Sometimes, one must ask themselves if films must always be "good". I'm not talking a guilty pleasure; I'm referring to films that seem to be made for simultaneously no one in their blandness but for everyone in their mass appeal - the kind of film that you may know nothing about prior to viewing it, but you can correctly guess every single plot beat after five minutes. 'The High Note', a new film by Emmy and Golden Globe winner Nisha Ganatra ('Late Night') may just be the most perfect example of one of these films. It offers absolutely nothing new to the comedy, drama or music genres it traverses, yet has just enough charm and just enough laughs that it's impossible to not have at least a bit of fun with it.
Grace Davis (Tracee Ellis Ross, 'Little', and daughter of musical legend Diana Ross) is in the twilight of her career, a singer whose decades-long success now clings to life through Greatest Hits albums, live albums and of course, a Greatest Hits live album. Her career hasn't impacted her diva-like demands, however, and it's up to her personal assistant Maggie (Dakota Johnson, 'The Peanut Butter Falcon') to ensure Grace doesn't have a meltdown over something as miniscule as a green juice. It's all very 'The Devil Wears Prada'-esque, but Maggie has bigger aspirations for herself; she is a budding musical producer looking for the chance to make her break. Who better than to help her than her own boss? Maggie's rose-coloured glasses are soon snatched straight off her face by Grace's manager Jack (a criminally underused Ice Cube, 'Fist Fight'), stressing that Maggie arrogantly mistakes her job as a stepping stone and needs to become a great producer in her own right.
'The High Note' should be commended for giving both of its female leads arcs of varying nuance. While it would be easy to just focus on Maggie's struggle to be taken seriously, there is so much depth to Grace and her arc that her moments of non-diva behaviour are the film's best and brightest. Grace's fear of becoming a washed-up musician bleeds into every aspect of her lavish lifestyle, and this is exacerbated by her belief that being black and a woman will shorten her career even more so. It's heartbreaking watching her confidently enter a manager meeting only to be told between subtle hints that her fanbase now comprises solely of mothers, and her market value doesn't extend beyond a Vegas residency. Grace's fears don't need to be stated explicitly as they're excellently built up to in a number of different ways, but sadly the script doesn't trust its audience and spells them out in big emotional moments. Thank goodness Ross can sell these scenes in a way that feels organic and real.
Even if the script dips into cheese like bread into fondue, there are enough needle drops to (mostly) cover it up. It's as if Ganatra has an uncanny ability to divert audience attention with music any way she chooses. Suddenly, a contrived meet-cute in a supermarket is saved by playing 'California' by Phantom Planet over the scene. Surely it's impossible to shake your head over a bad script when it's busy nodding along to a great song, right? Well, almost. Instead of Maggie having an actual personality, she is instead a walking musical encyclopedia, namedropping artists as if that's how people actually speak in real life. It's great for showing her passion for music, but tells us nothing about who she is as a person. As a result, the inevitable second act where Maggie's high life comes tumbling down feels remarkably void of emotion and strangely cold. It also makes it incredibly hard to buy into her budding romance with musician David (Kelvin Harrison Jr, 'Waves'). Johnson's soft voice and withdrawn persona have made the excellent springboard for cunning and quiet characters (see: her work with Luca Guadagnino in 'A Bigger Splash' and 'Suspiria') but Maggie is arguably neither of cunning nor quiet. It's a miracle that Johnson is such a delight whenever she's on screen, for without her there would be virtually no reason not to just skip through to Ross' scenes.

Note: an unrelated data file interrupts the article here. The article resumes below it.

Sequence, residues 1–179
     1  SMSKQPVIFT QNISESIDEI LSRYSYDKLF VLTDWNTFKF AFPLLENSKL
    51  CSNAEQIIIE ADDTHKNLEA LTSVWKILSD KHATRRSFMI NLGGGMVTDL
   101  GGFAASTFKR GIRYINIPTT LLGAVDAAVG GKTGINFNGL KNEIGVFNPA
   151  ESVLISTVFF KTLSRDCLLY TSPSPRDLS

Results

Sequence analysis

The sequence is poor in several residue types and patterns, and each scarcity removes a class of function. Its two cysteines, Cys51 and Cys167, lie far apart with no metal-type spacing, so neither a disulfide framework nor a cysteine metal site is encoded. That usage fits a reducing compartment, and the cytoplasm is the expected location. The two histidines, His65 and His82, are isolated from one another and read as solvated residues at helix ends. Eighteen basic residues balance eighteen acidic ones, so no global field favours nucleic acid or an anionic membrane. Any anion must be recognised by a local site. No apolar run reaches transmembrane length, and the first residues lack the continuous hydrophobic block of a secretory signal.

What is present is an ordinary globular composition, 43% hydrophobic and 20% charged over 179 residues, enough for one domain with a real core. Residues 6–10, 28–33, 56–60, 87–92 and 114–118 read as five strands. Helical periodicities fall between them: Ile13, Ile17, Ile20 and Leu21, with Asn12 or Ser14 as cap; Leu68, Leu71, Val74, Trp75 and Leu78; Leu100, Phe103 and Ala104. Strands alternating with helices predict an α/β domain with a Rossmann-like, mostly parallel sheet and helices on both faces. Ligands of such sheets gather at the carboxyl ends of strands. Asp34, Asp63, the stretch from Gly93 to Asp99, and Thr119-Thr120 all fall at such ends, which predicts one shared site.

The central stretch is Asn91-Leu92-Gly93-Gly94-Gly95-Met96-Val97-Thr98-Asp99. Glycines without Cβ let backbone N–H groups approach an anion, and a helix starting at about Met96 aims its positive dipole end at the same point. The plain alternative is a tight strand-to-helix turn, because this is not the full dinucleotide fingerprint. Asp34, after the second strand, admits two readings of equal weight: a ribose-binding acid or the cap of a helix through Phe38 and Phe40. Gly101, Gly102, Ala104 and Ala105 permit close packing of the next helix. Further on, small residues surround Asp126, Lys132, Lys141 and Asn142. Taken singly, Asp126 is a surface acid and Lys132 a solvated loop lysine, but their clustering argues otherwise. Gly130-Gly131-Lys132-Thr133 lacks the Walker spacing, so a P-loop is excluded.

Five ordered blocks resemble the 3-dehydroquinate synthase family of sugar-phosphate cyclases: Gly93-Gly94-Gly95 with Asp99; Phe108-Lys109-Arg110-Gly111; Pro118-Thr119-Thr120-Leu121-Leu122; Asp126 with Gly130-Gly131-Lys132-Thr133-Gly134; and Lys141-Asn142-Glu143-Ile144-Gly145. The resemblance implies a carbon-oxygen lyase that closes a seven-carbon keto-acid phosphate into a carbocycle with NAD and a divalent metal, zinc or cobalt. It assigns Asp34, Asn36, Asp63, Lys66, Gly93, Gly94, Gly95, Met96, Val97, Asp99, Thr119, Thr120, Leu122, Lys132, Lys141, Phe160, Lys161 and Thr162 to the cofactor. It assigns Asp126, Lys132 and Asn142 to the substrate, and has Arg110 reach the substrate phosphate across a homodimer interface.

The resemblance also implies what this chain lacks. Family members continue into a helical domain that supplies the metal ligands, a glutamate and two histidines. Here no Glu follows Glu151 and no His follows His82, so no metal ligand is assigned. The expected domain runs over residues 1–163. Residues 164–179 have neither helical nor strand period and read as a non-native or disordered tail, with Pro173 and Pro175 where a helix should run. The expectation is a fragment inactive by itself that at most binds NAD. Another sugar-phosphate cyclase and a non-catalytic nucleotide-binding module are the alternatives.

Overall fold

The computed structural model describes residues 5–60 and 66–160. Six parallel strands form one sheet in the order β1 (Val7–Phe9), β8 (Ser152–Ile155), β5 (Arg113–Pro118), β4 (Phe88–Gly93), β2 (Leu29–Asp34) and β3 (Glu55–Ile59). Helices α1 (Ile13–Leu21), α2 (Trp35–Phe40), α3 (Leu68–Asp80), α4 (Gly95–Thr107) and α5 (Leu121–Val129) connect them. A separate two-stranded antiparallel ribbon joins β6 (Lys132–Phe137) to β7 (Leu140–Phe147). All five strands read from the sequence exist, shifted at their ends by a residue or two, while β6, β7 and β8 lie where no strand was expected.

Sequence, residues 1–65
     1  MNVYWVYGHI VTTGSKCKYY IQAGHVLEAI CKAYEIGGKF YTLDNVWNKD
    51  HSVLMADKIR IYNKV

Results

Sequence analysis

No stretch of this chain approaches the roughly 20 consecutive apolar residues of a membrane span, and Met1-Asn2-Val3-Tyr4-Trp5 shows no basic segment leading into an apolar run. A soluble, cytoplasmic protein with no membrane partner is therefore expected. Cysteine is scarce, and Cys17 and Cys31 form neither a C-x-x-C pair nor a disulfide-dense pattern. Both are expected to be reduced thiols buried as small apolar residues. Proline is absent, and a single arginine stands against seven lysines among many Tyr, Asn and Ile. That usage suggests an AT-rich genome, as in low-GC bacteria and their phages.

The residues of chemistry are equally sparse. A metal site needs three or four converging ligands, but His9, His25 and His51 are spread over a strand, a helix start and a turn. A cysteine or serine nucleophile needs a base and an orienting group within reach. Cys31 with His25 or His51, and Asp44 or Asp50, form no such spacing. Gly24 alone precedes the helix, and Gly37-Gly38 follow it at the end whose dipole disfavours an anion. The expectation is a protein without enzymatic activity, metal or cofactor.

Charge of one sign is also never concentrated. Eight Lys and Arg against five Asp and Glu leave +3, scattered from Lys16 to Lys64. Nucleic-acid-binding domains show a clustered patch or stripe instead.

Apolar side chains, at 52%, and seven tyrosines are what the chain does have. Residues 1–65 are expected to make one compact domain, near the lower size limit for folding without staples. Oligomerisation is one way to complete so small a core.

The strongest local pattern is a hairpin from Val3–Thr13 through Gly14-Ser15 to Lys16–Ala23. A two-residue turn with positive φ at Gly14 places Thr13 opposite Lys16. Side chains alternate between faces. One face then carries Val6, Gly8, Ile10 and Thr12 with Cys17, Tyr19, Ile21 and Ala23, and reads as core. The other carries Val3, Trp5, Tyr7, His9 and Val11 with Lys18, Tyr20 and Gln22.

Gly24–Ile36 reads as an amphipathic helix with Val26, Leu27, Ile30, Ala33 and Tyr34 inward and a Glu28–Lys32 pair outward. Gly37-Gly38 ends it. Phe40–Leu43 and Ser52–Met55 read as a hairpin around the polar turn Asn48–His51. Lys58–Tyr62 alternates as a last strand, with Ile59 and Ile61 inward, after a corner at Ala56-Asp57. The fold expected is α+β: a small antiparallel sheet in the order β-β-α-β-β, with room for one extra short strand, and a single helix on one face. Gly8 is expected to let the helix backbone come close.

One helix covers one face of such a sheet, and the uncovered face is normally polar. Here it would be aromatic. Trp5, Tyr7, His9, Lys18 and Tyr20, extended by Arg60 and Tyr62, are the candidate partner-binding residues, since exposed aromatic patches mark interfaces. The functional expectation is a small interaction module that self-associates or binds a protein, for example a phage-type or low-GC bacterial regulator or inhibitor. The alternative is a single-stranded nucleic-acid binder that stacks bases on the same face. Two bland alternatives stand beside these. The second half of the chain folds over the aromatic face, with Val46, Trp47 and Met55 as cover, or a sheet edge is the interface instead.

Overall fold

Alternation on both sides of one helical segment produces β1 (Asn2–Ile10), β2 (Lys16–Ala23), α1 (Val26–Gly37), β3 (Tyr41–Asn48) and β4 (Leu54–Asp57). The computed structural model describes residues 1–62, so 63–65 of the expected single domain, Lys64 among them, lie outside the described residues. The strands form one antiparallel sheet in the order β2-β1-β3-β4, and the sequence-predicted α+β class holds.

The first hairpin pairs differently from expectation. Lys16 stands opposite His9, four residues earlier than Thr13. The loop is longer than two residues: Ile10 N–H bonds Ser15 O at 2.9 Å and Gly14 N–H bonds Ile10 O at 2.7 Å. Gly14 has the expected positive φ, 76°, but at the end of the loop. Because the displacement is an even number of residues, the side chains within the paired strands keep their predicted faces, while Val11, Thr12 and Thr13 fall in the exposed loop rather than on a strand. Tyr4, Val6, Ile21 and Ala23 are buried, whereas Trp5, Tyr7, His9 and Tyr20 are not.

Ross and Harrison Jr have such wonderful singing voices that they elevate the very bland pop music they're performing.
A film about music is nothing without a strong soundtrack, and Ross and Harrison Jr have such wonderful singing voices that they elevate the very bland pop music they're performing. 'The High Note' is wise to sparingly insert full performances of original songs, preferring to deliver short scenes or place a dialogue-heavy montage over the top. It's a real shame because if for no other reason, a memorable song or two would have done wonders for this film's rewatch factor, which sadly is virtually nonexistent.
You could do a lot worse than 'The High Note' for a light two hours when there's nothing else to watch; it's just unfortunate that its charismatic cast can't save an off-pitch script.